August 2008

Lately I’ve been trying to resolve the growing concern that I have for the church culture when it comes to building the kingdom as you will see in my last couple of posts. I’m finally getting around to working through Art Rogers’ excellent series on “Institutional v. Missional.” And I find that he says here what I’ve been trying to put into words. Take a look at his thoughts and get some ideas of your own.

(click image to see all of Art's thoughts on Institutional v Missional)


It was in a revival meeting—you know, those extended meetings that evangelicals schedule and claim to be revivals—that I got to know the old saint of a man who was the long-time pastor of one of the smaller congregations in our association of churches. He was a small man, full of fire and energy (especially in the pulpit). I recall many things from that particular series of meetings. I recall the night that he threw a hymnal at the church music director because he was either asleep or simply not paying attention. I remember the night that he locked his keys in his car and two or three men spent the better part of two hours trying to get the car opened. It was on that particular night (toward the end of the week) that he sang—I remember because he commented on both his ability to sing and his inability to get his keys out of the car—an old song that I had almost forgotten from my childhood:

Get the new look from the old book

Get the new look from the Bible

Get the new look from the old book

Get the new look from God’s word.

The inward look

The outward look

The upward look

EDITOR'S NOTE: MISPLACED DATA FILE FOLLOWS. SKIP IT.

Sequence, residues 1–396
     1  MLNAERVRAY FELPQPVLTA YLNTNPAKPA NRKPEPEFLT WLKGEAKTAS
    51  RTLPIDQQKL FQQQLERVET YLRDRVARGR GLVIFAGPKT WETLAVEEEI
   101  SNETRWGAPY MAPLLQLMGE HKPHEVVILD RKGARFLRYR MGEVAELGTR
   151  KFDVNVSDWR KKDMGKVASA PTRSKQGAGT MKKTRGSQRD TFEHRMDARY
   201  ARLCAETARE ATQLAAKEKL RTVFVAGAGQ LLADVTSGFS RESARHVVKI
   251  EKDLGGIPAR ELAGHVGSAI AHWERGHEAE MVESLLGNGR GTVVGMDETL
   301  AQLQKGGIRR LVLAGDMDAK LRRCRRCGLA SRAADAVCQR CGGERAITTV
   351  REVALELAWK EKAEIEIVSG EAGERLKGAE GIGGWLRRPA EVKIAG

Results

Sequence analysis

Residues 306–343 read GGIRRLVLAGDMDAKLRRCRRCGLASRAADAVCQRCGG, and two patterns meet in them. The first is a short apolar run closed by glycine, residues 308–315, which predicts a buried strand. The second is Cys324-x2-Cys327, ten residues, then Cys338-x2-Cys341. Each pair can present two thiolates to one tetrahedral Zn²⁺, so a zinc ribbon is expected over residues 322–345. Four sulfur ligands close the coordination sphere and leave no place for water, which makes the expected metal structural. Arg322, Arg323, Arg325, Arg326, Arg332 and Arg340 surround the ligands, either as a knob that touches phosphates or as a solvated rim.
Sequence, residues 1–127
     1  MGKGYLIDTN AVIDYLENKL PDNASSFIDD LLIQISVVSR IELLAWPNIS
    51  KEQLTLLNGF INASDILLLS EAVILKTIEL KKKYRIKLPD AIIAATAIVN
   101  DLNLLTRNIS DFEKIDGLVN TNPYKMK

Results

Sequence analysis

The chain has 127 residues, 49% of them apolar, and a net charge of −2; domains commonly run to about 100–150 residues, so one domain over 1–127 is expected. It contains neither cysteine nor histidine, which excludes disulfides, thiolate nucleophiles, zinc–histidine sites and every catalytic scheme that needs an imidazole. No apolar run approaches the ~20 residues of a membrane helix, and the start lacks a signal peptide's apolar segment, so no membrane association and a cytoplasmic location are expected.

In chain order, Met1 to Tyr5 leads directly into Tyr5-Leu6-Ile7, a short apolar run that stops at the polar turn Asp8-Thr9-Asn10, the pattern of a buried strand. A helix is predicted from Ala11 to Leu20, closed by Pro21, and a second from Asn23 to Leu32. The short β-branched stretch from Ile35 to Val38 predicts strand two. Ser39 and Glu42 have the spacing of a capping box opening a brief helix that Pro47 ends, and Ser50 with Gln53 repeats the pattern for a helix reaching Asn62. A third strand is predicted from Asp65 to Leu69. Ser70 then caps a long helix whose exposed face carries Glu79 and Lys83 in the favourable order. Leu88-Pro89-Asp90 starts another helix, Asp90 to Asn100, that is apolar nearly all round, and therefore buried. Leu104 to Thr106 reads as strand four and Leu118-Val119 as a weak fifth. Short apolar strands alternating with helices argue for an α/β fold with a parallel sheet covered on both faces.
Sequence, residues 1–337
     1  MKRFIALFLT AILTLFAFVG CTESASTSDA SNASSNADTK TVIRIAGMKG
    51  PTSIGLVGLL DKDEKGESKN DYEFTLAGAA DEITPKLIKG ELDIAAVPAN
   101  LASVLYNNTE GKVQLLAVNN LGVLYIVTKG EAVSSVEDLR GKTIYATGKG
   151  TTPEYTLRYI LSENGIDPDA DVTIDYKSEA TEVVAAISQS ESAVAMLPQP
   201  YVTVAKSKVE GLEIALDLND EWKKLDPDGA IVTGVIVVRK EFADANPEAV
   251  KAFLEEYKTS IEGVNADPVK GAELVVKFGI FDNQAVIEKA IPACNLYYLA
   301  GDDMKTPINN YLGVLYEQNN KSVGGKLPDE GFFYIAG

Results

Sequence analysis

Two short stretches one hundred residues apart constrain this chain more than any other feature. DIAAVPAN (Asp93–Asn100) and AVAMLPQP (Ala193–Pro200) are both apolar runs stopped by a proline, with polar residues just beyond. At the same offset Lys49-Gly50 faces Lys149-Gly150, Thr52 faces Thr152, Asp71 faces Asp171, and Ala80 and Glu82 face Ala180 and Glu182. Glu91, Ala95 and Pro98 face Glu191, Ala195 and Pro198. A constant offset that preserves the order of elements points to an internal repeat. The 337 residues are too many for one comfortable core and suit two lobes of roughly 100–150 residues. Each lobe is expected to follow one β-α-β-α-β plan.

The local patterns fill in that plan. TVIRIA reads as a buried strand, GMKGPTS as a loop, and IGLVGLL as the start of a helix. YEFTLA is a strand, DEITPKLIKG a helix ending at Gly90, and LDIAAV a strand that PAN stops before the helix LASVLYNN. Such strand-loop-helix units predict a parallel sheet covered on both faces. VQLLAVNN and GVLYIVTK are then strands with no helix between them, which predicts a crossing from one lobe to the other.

From the old, old book

Get the new look from the old book

Get the new look from God’s Word.

It’s inspiring still to think back on that night’s service. His encouragement was one that I try to practice each day—get a godly perspective from diving into His word daily.

Here’s what else I remember from that particular situation. The church from which this pastor came to preach our revival meeting had the reputation of being very evangelistic and highly successful at their efforts in evangelism. Knowing the man, I suspect that the great success that the church had rested mostly on the shoulders of this fiery preacher who was full of evangelistic fervor. The church itself also had a reputation of never growing.

This is the thing that happens in many of our churches today—even those who are exercising fantastic evangelistic muscles. Even though we have reports of numbers of people coming to know Jesus, these same people are not becoming part of the church. We’ve missed the point of the song altogether. We don’t want the new look from the old book, but the old look from the old way. We have neglected the outward look and the upward look. We have become highly skilled in looking inward toward ourselves.

We worry about buildings and budgets. We concern ourselves with our wants and wishes. And we’ve stopped looking [upward] to the Master for the direction we should go—which by the way is outward.